Trade agreements and tariff and non-tariff barriers

Trade agreements is an important factor when working together as a region. They play an enabling role in providing stability to cross border trade by formalising critical business conditions between nations. Also tariff barriers that adversely affect the trading of products across borders, affect trade in service as well. At the same time, non-tariff barriers have a strong impact in the survival of a business in a foreign country. Therefore, these barriers need to be minimal to make trade in services flow within the region.

Small and medium sector’s role

The small and medium sector can play a leading role in taking the service sector forward nationally and regionally. However, the regulatory environment can make it costly, time-consuming, and energy-sapping for SMEs to regionalise. This has resulted in a paranoia for the SMEs to look beyond their domestic borders. Therefore, well-crafted regulations with clear entry criteria and performance standards are necessary to promote a level playing field. 

Transparency of such regulations is also vital for the success of the sector, as it will avoid confusion, red-tape and corruption. And the regional and national policies should lay the foundation for the regulation. As such the need for a sound policy environment is crucial. The regional policies should take into account the national policies of each nation, and in turn the national policies should align themselves with a regional vision.

 For example, looking at the Sri Lankan context, although the mission of the National SME Policy Framework is “to stimulate growth of SMEs to produce world class products and services…” etc., the policy objectives steer clearly towards the industrial sector and not the service sector (“transforming the landscape of the SMEs away from trade and commerce towards production and industry based with special focus on high value addition, innovative and usage of modern appropriate technology”).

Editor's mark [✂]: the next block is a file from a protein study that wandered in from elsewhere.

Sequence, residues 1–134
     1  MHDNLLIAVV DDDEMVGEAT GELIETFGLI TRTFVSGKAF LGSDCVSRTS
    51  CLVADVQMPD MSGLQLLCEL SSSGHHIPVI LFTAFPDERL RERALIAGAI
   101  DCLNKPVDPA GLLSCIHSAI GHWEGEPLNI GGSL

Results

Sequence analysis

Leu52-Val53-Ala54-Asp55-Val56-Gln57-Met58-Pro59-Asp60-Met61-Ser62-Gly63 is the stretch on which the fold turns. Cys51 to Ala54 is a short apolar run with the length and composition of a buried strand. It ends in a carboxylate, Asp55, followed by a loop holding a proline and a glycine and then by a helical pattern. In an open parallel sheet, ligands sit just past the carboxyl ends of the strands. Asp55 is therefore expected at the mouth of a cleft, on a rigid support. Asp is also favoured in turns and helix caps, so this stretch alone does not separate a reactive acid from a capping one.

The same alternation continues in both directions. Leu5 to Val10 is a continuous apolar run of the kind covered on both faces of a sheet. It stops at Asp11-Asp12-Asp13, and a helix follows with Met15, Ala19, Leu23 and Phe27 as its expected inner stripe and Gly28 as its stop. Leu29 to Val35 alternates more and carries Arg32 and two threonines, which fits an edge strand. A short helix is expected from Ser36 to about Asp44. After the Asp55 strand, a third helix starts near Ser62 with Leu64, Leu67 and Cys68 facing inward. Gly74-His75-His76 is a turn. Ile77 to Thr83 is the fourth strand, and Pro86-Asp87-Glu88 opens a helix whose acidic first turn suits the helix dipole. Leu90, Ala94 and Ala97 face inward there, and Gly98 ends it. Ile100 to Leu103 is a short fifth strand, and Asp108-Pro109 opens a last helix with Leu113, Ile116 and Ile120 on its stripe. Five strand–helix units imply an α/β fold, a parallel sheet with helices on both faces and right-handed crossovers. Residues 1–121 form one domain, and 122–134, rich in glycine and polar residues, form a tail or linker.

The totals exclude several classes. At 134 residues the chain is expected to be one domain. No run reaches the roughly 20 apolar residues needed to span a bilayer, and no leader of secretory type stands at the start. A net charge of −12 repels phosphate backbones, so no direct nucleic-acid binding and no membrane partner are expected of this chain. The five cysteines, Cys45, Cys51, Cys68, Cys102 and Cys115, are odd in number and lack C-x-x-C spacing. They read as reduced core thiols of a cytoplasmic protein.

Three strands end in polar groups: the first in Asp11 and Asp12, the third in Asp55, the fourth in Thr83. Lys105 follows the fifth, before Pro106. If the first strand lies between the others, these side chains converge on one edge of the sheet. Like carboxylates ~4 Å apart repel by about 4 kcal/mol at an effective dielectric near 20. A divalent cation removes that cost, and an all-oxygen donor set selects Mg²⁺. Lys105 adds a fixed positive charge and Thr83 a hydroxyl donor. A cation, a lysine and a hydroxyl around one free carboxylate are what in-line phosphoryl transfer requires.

As such we are yet to see our National Policy recognise the role of the service sector as a primary driver for economic development. It is still seen in the conventional view, i.e. only as a catalyst that supports industrial development. But as we saw before, it can be much more than that. 

As important as such policy reforms are, complementary investments in physical infrastructure and human capital cannot be underestimated to achieve a strong service sector. Also, the lack of access to finance, both for start-up purposes and for local or international expansion also plays a key role in supporting SME regionalisation in services.

Overall, while service sector development is a long and challenging process, creating more competitive services markets by removing a wide range of internal and external policy distortions and creating a conducive environment is vital for improving service sector productivity. That is why it is imperative to build synergies to achieve a strong service sector in the region.